Welcome to the ’60s Where You Can’t Stop the Beat in Connecticut Theatre Company’s “Hairspray”

You can’t stop the beat. Or at least you won’t want to after seeing Connecticut Theatre Company’s production of Hairspray, which runs through next weekend at New Britain’s Repertory Theatre.

The show’s signature song by that name is at the end, but there are plenty of songs woven throughout that make it worth the wait and that will also make you want to dance and sing…. and luckily for you there may be an opportunity for audience dance-ticipation at the end.

Good morning, Baltimore and welcome to the ’60s. Lights up on a vertical set that mirrors a bird’s eye view of Tracy Turnblad’s (Johanna Regan) room, as you’d see it in the movie. The perspective makes it seem like you’re looking down on Tracy as her eyes burst open and allow you to see the dynamic facial expressions you wouldn’t otherwise be able to view if she was actually lying down. It also allowed for an easy transition into her being ready for school so she didn’t have to do a quick change and was the most clever set use in production that often has a bare stage with minimal set pieces.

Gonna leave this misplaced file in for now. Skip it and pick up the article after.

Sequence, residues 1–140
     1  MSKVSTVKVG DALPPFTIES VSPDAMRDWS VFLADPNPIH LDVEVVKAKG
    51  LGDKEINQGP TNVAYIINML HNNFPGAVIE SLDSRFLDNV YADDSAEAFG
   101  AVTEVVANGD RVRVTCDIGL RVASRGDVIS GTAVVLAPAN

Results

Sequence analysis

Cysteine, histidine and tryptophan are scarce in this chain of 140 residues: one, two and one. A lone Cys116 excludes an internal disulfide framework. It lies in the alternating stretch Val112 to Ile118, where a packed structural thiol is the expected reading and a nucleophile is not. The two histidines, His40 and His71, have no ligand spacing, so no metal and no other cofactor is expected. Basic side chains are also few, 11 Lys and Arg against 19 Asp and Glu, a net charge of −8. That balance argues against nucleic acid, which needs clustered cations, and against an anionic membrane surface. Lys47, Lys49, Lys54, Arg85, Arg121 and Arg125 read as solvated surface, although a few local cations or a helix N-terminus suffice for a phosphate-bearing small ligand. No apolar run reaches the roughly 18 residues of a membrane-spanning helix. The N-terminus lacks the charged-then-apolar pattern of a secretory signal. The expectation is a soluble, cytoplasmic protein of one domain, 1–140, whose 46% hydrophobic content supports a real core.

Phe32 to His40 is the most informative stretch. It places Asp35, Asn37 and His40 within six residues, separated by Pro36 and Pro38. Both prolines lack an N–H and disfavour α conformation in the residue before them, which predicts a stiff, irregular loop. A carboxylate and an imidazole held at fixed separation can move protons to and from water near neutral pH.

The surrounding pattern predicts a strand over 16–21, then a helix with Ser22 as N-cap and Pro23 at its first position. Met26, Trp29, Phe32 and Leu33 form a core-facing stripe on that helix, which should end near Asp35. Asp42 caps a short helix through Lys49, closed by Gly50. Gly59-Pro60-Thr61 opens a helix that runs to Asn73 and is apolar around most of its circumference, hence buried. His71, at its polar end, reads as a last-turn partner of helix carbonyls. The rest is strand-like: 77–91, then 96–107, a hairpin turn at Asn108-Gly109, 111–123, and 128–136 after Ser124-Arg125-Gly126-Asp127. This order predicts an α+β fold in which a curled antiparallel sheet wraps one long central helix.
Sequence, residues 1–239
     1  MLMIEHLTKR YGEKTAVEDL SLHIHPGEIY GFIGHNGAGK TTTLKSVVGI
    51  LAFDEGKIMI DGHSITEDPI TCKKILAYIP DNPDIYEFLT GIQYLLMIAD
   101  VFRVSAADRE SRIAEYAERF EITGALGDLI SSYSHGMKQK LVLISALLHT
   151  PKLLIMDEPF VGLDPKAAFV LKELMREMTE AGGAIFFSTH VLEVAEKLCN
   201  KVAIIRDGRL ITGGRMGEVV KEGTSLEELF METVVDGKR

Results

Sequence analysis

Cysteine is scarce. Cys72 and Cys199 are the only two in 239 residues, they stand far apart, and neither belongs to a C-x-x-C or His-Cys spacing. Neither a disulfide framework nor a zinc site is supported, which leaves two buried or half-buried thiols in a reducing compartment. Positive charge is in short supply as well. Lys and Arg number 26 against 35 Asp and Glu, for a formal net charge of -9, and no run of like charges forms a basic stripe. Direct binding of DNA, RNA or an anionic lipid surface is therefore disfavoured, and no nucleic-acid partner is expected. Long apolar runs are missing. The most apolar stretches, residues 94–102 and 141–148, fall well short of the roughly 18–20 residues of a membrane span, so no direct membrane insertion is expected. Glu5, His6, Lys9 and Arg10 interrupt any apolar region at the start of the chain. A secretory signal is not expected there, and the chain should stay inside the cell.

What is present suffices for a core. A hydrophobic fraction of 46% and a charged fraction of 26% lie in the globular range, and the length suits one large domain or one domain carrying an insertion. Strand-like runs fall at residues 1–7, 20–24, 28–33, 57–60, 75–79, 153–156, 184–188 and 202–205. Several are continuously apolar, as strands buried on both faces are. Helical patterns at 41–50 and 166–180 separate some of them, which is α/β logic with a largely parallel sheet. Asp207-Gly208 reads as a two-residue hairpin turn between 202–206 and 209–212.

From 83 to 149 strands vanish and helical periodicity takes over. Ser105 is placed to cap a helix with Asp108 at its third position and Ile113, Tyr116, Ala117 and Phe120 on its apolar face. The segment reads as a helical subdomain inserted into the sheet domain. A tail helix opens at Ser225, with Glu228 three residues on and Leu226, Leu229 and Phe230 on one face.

What’s that entertainment reality show or talk show you absolutely have to watch every time it’s on? That’s what The Corny Collins Show is to Tracy and her best friend, Penny Pingleton (Chelsea Kelle) as the ultimate fan girls obsessed with Corny (Matthew Edgar-Jospeph), the legendarily dreamy Link Larkin (Stephen Michelsson) and the dancing and music featured on the show. Just like anyone trying out for American Idol or The Voice or So You Think You Can Dance, Tracy just has to audition for the show when a spot opens up.

But there’s more to it than a celebrity crush, fame and love of entertainment and dancing. Tracy finds herself on the cusp of a racial integration movement, as the show, sponsors and prejudicial, snooty, judgmental producer Velma Von Tussle (Elizabeth Shapiro), only allow people of color on during “Negro Day.” As she is also shafted for the way she looks and her big personality, she empathizes with them and finds her priorities shift to a quest for justice even if it lands her and everyone around her in prison.